Importance of the Knockout Punch
If you are a chess fan, you have been following the strongest chess tournament in history!
I am referring to the Zurich Chess Challenge being played right now 1/30/14-2/4/14 with an average rating of more than 2800! What an exciting tournament; it includes the World Chess Champion Magnus Carlsen (highest rated player in history at 2879, Number Two and recent winner of the Tata Steel Tournament Levon Aronian; U.S. #1 and World #3 Hikaru Nakamura; Italian superstar Fabiano Caruana; Israeli world championship candidate GM Boris Gelfand and, former World Champion Vishy Anand.
In Round 3, it seemed Hikaru Nakamura was about to defeat the World Champion Magnus Carlsen. This would have been a great feat - Hikaru has a particularly bad score vs Carlsen, and could have been Carlsen's first loss as World Champion.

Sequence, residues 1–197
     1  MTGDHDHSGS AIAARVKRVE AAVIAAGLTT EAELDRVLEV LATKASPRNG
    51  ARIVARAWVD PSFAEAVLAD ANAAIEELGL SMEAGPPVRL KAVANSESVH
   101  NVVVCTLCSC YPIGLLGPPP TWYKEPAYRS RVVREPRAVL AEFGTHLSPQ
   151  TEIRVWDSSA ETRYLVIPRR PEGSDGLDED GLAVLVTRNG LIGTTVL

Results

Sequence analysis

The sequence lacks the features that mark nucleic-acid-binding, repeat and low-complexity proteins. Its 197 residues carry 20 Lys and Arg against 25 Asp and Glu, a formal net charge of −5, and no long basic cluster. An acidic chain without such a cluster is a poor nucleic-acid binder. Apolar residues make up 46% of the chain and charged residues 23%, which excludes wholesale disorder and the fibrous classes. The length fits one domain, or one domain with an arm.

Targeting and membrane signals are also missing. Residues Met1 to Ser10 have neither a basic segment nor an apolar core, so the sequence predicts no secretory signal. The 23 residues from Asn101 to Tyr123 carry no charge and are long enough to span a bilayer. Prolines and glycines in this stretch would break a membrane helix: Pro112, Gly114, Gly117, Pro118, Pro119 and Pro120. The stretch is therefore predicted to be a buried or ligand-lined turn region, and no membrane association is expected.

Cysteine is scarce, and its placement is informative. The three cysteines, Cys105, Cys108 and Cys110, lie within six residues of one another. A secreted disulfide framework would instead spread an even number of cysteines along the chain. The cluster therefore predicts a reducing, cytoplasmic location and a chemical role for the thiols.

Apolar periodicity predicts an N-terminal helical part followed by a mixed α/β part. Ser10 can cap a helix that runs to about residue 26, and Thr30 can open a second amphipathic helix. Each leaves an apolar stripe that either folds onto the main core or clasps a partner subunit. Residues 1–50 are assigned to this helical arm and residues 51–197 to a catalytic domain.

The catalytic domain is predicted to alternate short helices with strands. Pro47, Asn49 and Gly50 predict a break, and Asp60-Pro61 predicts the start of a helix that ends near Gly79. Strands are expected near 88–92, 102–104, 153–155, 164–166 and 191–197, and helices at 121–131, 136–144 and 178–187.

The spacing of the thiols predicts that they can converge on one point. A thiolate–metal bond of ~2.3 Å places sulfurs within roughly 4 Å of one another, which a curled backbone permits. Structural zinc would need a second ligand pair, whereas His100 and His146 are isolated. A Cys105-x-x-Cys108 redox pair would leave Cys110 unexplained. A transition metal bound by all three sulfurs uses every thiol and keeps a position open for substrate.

The computer evaluation of the game, had Nakamura up by more than 5 points in the middlegame. Unfortunately Nakamura blundered with 37. d6??
I wanted to show a variation that could have occured 37. Qf1!
This basically puts Carlsen in Zugzvwang. A sample variation is 37...b5
The problem for Carlsen here, is checkmate in one move is threatened. If he captures 38...Kxh7, he loses to 39. Qh3+ Kg8 40. Qh8#. The other problem is 38...Qxh7, 39. Nh6+ and if 39...Kxg7, checkmate in five. Can you find the mate in 5?